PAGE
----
Another bill that passed last night was Bill 368. But the journey to passage has been contentious.
An audit by the Office of Public Accountability estimates Guam loses millions of dollars a year due to uncollected tobacco taxes.
Bill 368 requires the Department of Revenue and Taxation to issue a request for proposals for a company to enforce tobacco tax stamp laws.
During the sessions preceding last night’s vote, questions around whether the bill is Organic, whether it will lead to conflicts of interest, and whether it’s better to simply just fund Rev and Tax led to heated debate.
Speaker Tina Muna Barnes said: “While many have pointed out issues with this proposal, they have also pointed out fundamental problems like…like a broken record. But you know, Mr. Chair, in the interests of trying to move this and make this work, and giving Revenue and Taxation the opportunity that they may adopt additional rules and regs with the Triple A process … I guess to be fair … I’ll support the efforts but I just need to know that I’m trying to find resources for this government.”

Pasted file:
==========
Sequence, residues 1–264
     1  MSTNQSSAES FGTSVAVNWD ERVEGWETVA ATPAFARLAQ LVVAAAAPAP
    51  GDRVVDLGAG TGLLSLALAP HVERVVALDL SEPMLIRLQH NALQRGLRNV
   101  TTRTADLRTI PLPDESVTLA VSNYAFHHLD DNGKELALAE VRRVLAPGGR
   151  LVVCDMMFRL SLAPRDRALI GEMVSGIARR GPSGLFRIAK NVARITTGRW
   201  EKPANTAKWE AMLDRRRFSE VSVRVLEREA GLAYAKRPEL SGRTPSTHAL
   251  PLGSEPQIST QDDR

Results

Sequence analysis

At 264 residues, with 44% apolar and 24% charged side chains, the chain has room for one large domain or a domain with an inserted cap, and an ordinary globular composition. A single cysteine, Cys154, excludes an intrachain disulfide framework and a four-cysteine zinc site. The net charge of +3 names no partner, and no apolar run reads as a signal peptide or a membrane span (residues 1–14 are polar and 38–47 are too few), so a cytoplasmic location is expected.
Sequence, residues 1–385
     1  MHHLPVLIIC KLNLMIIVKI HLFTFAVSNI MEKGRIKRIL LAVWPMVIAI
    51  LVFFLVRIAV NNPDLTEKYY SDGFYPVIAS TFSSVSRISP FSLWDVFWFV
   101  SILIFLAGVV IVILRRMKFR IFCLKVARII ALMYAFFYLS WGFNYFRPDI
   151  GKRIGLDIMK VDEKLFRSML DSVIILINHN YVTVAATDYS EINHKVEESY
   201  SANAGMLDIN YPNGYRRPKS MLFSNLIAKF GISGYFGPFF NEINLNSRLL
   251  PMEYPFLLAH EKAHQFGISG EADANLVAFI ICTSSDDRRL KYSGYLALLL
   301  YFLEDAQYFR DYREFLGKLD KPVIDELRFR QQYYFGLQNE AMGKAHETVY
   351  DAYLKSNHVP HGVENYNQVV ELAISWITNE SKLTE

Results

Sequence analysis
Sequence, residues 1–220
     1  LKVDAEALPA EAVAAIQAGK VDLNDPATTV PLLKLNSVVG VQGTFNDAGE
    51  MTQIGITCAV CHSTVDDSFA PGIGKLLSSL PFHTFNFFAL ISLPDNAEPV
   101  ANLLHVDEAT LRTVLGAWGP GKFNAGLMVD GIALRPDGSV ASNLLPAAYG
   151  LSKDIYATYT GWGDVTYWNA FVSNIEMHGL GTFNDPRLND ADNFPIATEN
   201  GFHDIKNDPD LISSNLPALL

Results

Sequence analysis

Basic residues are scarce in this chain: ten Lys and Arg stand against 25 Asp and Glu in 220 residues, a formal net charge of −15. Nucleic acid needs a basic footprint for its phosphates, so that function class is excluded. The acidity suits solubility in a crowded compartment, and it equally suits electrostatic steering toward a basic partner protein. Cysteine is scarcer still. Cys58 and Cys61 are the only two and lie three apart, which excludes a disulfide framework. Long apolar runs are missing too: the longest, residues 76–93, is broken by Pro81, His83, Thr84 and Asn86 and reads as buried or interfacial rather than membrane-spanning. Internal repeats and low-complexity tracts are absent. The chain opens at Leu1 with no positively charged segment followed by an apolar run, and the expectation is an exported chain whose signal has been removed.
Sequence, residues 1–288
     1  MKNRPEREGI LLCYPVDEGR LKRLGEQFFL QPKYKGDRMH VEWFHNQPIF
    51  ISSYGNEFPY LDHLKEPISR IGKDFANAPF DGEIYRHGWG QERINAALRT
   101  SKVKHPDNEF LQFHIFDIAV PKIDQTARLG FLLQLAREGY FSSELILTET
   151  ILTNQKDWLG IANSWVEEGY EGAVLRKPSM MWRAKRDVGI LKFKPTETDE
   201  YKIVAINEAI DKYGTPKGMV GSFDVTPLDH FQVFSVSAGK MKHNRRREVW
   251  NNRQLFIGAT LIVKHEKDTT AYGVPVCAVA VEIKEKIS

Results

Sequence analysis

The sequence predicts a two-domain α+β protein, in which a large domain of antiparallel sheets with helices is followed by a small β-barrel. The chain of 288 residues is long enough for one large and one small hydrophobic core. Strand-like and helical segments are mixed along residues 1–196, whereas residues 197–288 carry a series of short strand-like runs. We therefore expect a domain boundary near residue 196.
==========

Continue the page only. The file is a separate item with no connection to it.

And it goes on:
Sen. Therese Terlaje responded: “Ugh … finding resources … you know, if you read Revenue and Taxation’s testimony and you read their…even their testimony to use during public hearings … on their budget … on everything … They’ve repeatedly told us that the stamp tax law is an unfunded mandate. If we help them, they will implement it. And the new director is very clear and I have the utmost faith in her. That when she says she’s going to get this done..she’s assigned a deputy … that they would get it done. And they’ve outlined their progress today. We can’t get any better than that.”
The bill ultimately achieved a narrow victory, with a close vote of 8 to 6.